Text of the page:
Thirty years ago, ZEUS pioneered the serodiagnosis of Lyme disease with the very first FDA-cleared screening test, and ZEUS continues to pioneer advances in the serodiagnosis of Lyme disease with the first FDA clearance of this MTTT algorithm. As a leader in infectious disease testing, ZEUS Scientific continues to develop the highest quality testing and improved methods to support better patient outcomes.
“The prevalence of Lyme disease is growing and is difficult to diagnose early, at a time when patients need it most,” stated Scott Tourville, Chief Executive Officer of ZEUS Scientific. “This testing paradigm shift is a successful response to longstanding clinical and workflow challenges in the laboratory. I am extremely proud of our research and clinical trial teams in making the promise of MTTT a reality. Labs gain fast, accurate results through an efficient protocol, doctors gain higher confidence in diagnostic assessment, and patients achieve better care with appropriate diagnosis.”
Learn more about ZEUS Borrelia MTTT™ and complete line of FDA-cleared tests for Lyme disease at zeuslyme.com. For information on the company’s extensive line of infectious and autoimmune disease tests, visit http://www.zeusscientific.com or e-mail sales(at)zeusscientific(dot)com. To speak with a ZEUS Scientific Account Manager, call 1-800-286-2111 or (908) 526-3744.
About ZEUS Scientific
ZEUS Scientific is your first choice for high-performing, easy-to-use clinical diagnostic solutions. Our products are designed and manufactured to ensure optimal efficiency and accurate diagnosis to facilitate better patient care. ZEUS Scientific is based in Branchburg, New Jersey and markets test systems around the world through a direct sales team in the U.S. and Canada and an extensive international distribution network. ZEUS complies with the international standard ISO 13485 (2016), Health Canada Medical Device Regulations (SOR/98-282, May 7 1998), the FDA Quality System Regulations (FDA Quality System Regulation, 1996: 21 CFR § 820), and the IVD 98/79/EEC.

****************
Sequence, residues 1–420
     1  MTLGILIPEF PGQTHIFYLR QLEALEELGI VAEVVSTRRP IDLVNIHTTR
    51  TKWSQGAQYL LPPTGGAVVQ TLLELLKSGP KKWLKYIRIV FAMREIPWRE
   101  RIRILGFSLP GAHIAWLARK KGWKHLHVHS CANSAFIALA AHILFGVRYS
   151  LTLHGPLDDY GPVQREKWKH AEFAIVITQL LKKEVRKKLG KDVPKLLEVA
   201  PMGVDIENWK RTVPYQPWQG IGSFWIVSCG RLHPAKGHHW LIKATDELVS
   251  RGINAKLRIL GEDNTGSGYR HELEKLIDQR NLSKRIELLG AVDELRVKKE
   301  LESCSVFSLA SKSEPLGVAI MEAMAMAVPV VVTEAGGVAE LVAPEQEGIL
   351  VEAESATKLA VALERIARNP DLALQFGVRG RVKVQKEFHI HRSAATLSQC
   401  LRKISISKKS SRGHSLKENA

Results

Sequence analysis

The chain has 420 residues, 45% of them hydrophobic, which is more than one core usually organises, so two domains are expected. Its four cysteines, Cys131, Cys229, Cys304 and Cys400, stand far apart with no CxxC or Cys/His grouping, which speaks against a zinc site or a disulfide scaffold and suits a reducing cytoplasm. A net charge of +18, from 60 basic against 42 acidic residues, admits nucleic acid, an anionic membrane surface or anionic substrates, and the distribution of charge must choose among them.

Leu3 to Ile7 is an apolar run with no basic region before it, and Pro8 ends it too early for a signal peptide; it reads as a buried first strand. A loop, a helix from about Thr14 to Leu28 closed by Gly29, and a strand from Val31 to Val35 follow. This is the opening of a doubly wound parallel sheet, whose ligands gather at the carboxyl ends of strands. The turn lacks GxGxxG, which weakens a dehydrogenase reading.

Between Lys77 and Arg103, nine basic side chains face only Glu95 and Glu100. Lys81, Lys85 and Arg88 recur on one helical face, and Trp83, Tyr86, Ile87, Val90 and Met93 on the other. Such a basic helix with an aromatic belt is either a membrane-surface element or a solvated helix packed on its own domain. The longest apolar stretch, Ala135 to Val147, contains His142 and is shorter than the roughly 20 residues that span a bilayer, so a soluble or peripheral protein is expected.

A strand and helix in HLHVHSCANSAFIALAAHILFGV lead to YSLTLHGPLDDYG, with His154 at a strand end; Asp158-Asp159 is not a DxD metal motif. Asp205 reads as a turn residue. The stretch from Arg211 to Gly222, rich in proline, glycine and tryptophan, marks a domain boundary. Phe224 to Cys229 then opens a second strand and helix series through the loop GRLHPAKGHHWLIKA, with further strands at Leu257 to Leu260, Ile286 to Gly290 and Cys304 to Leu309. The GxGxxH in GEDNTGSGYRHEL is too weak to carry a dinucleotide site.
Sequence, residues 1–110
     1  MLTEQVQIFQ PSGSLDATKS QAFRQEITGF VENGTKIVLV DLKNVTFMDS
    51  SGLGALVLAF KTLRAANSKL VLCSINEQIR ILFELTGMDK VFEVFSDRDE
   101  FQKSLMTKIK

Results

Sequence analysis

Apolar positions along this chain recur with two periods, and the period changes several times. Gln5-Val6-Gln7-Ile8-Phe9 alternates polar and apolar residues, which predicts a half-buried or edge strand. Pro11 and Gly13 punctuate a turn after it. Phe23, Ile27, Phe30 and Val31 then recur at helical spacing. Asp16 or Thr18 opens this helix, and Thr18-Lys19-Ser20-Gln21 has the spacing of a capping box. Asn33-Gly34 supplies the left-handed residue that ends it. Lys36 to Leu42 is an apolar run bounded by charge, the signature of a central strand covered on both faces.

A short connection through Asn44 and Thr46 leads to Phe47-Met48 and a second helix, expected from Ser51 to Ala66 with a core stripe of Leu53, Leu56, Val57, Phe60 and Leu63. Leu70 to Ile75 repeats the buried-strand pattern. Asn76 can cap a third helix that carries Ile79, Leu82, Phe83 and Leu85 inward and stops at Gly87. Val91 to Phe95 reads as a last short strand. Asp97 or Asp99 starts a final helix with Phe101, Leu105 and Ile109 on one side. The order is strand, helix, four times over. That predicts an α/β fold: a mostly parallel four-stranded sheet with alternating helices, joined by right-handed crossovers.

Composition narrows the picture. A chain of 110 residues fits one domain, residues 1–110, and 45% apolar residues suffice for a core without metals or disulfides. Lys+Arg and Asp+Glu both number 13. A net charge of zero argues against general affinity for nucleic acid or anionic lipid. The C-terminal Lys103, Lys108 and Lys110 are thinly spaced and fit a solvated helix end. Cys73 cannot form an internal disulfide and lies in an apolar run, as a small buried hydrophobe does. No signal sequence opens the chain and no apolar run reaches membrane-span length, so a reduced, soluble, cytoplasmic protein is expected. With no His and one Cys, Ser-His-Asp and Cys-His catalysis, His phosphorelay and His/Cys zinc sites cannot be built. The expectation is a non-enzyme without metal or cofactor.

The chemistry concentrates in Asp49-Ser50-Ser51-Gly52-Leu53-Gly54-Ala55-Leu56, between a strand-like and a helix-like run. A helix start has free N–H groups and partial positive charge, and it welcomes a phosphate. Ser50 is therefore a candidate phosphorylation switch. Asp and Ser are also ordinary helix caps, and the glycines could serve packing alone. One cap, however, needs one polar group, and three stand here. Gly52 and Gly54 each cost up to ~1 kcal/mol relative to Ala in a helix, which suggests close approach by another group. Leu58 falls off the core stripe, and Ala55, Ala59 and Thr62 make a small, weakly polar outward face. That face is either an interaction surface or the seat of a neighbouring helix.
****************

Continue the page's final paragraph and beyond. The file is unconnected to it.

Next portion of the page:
For more information visit: http://www.zeusscientific.com or call +1 (800) 286 2111.
1 Data on file, ZEUS Scientific
6 Branda JA, Body BA, Boyle J, Branson BM, Dattwyler RJ, Fikrig E, Gerald NJ, Gomes-Solecki M, Kintrup M, Ledizet M, Levin AE, Lewinski M, Liotta LA, Marques A, Mead PS, Mongodin EF, Pillai S, Rao P, Robinson WH, Roth KM, Schriefer ME, Slezak T, Snyder J, Steere AC, Witkowski J, Wong SJ, Schutzer SE. Advances in Serodiagnostic Testing for Lyme Disease Are at Hand. Clin Infect Dis 2018 Mar 19;66 7:1133-1139.
7 Seriburi V, Ndukwe N, Chang Z, Cox ME, Wormser GP. 2012. High frequency of false positive IgM immunoblots for Borrelia burgdorferi in clinical practice. Clin Microbiol Infect 18:1236-1240
8 Moore A, Nelson C, Molins C, Mead P, Schriefer M. Current guidelines, common clinical pitfalls, and future directions for laboratory diagnosis of Lyme disease, United States. Emerg Infect Dis. 2016 Jul. http://dx.doi.org/10.3201/eid2207.151694
9 Bacon R., et al. 2003. Serodiagnosis of Lyme Disease by Kinetic Enzyme-Linked Immunosorbent Assay Using Recombinant VlsE1 or Peptide Antigens of Borrelia burgdorferi Compared with 2-Tiered Testing Using Whole-Cell Lysate. J Infect Dis. 187:1187-1199
10 Porwancher R., et al. 2011. Multiplex Immunoassay for Lyme Disease Using VlsE1-IgG and pepC10-IgM Antibodies: Improving Test Performance Through Bioinformatics. Clin Vaccine Immunol. 18(5):851-859.